After seeing their shadow the roller coaster ride continues for the scurs and their Weather Eye. When it gets to midweek so far in February expect temps to fall. Rinse and repeat or are we stuck in the spin cycle? Starting Wednesday partly sunny with highs in the mid-teens and lows in the low single digits. Thursday, sunny and warmer with highs in the low 20’s and temps rising in the overnight. Partly sunny Friday with highs in the low 40’s and lows in the upper 20’s. Saturday mostly cloudy with a good chance of rain and/or snow in the afternoon and evening. Highs in the low 40’s with lows in the mid-20’s. Mostly sunny on Sunday with highs in the mid-30’s and lows in the mid-20’s. Monday, mostly sunny with highs in the mid-30’s and lows in the low 20’s. Mostly cloudy on Valentine’s Day with highs in the upper 30’s and lows in the low 20’s. The normal high for February 14th is 27 and the normal low is 9. Their Christmas goody supply nearly depleted, Valentine’s Day can’t arrive soon enough for the scurs.
The Full Moon for the month makes its appearance on the 10th and is most commonly known as the Full Snow Moon as this was one of the snowiest months of the year. It still is although it ranks behind December, January and March locally in that department. The Ojibwe knew this as The Sucker Moon to denote the running of suckers in streams and rivers. The Sioux called this The Raccoon Moon as the slumbering animals frequently awaken during the month and forage for food as the days become longer and the temperatures warm. At the ranch it is generally known as the Full Lambing Moon or the Moon of Sleepy Shepherds.
Vista’s noted Swedish astronomer came calling the other day, bearing news and information gleaned from the stars and beyond. Venus has been noticed by many including the big Dubya who text messaged me with a question about the bright object in the early evening SW sky. It sets about three hours after sunset. Mars is to the upper left of Venus and sets shortly after Venus. Jupiter rises in the east about 11 p.m. during early February and by the end of the month rises about 9 p.m. Saturn appears about an hour before sunrise in the eastern sky. On the 20th it is below and to the left of the crescent moon. The next day it is to the right. Thanks to the Steele Co. Astronomical Society for providing this valuable addition to our lengthy conversation about old cars and women.
It was a great Gopher sports weekend. It started off with the Gopher men’s hockey team beating Penn St. 5 – 1 Friday night. Saturday saw the Gopher men’s basketball team win on the road at Illinois followed by the Gopher women pulling off an OT win at Nebraska. Saturday evening saw the Gopher man’s hockey team complete a sweep of Penn St. with a 5 – 2 win at Mariucci, complete with a hat trick courtesy of a Swede by the name of Leon Bristedt. A Gopher sports weekend doesn’t get much better than that even if you’re not a Swede.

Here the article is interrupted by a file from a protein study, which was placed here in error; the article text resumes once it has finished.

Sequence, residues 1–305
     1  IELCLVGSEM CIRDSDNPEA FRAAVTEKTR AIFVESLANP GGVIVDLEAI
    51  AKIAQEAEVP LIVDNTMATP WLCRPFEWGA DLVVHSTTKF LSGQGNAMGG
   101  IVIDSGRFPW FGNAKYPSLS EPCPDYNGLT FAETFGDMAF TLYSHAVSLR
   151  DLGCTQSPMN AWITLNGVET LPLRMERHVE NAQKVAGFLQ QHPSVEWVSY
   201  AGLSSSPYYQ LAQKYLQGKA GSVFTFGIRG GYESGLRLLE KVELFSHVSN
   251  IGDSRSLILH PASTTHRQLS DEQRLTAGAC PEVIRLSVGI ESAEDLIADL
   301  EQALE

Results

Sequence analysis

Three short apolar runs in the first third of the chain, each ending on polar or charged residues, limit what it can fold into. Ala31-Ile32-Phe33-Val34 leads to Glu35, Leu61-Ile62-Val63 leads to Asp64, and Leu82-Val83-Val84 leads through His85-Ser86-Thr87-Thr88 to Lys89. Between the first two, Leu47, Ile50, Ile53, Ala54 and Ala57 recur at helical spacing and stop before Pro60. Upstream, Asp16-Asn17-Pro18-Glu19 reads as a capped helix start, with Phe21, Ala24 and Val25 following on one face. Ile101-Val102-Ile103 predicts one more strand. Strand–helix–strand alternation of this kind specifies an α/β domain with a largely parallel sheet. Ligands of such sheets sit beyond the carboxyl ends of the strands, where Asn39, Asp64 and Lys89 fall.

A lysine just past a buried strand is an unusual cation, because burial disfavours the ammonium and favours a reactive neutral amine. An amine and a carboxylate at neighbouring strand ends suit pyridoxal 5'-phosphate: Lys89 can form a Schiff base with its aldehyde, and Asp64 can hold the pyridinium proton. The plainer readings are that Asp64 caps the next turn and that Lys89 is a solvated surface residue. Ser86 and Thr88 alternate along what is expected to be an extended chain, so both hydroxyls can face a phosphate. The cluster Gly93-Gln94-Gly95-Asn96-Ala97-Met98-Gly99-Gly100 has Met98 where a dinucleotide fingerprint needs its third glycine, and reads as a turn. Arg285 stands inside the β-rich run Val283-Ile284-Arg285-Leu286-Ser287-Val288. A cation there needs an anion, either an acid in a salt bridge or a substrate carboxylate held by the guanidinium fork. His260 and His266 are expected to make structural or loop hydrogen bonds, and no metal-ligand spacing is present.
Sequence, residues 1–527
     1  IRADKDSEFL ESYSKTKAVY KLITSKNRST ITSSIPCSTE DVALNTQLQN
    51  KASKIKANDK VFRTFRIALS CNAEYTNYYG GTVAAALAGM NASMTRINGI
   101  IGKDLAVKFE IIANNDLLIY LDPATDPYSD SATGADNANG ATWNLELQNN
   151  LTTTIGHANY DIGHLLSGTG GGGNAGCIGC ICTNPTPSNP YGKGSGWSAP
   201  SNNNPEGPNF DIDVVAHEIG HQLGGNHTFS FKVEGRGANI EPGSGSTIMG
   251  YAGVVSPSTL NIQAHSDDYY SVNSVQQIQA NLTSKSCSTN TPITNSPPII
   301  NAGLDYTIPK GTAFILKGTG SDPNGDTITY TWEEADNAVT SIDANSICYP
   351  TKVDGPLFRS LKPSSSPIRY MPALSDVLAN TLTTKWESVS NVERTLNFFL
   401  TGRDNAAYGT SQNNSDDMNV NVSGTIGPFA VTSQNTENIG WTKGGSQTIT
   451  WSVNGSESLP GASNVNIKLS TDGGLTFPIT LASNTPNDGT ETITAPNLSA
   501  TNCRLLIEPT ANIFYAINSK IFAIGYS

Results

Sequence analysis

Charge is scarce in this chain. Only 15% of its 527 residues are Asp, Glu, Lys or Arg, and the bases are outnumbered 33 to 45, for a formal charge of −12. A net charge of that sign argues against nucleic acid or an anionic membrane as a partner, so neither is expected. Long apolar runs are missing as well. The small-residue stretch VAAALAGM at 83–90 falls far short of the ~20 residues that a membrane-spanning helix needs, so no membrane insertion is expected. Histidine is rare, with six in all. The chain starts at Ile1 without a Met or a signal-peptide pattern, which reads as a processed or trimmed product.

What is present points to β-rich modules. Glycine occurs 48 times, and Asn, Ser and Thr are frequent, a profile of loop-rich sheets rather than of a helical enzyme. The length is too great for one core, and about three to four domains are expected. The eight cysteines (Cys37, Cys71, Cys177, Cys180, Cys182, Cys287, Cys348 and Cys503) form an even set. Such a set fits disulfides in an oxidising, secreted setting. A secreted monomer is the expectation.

A sad Gopher note on the 6th with the passing of Ray Christensen, the radio voice of the MN Golden Gophers for many decades. Back when WCCO actually still broadcast Gophers games, Ray’s commentary made you feel like you were sitting courtside in Williams Arena. Many a time we’d turn the sound down on the TV and listen to Ray call the games. While he was a “homer” to an extent like all hometown broadcasters he also told you if the Gophers weren’t playing well and gave credit to the other team. As with the passing of several other ‘CCO giants of the airwaves such as Charlie Boone and Steve Cannon, a little piece of MN history passes with it.
With internet service once again restored to the ranch life can get back to more normal. One doesn’t realize until it’s off how dependent we’ve become on it whether it’s checking the latest weather data, answering burning questions on sheep production, or just because with 150 channels on TV there’s still seldom anything on worth watching. Sure, I could do a lot of that on the cell phone but it’s not the same. Looking at a little bitty screen, trying to enlarge it so I can see it then punching the wrong spot on the screen taking me off in the rhubarb somewhere isn’t my idea of a good time. Might be different if my hands and fingers weren’t showing their age. Bifocals don’t help either and I’d like to strangle the numbskull who came up with autocorrect. I can make enough mistakes all by myself without any help.
Sometimes one has a dab of good fortune in the lambing barn just as it appears everything is tanking. One cold afternoon last week I came home to find a new set of twins that had become separated. Complicating matters was an older ewe claiming the buck lamb. Unfortunately that ewe had given birth to two stillborn lambs the day before. While I sympathized with her, she was just complicating matters at that point. As luck would have it, the real mother would only claim the ewe lamb when I penned them up. She disgustedly mashed the buck lamb up against the panel with her head. Sometimes the separation time and different odor the lambs pick up make it more unlikely that the ewe will accept the lamb. Unfortunately this mother was also only producing milk on one side of her udder.
Decision time. After 50 years of lambing ewes, seeing a lamb being beaten by its own mother still breaks my heart. It’s also not my first rodeo. I grabbed the buck lamb to coax the potential surrogate mother into another pen, checked her for milk and discovered she had loads of it on both sides. One could easily tell she was fond of the little guy as he nursed, sniffing and licking him while his tail wiggled delightedly. Watching them a little longer, there was no hesitation on her part and no question in my mind. She wanted that lamb. End of discussion. Things don’t always have a storybook ending in the lambing barn and in fact, many times it’s the exception and not the rule. This time however, there was no reason to look a gift horse in the mouth.
See you next week…real good then.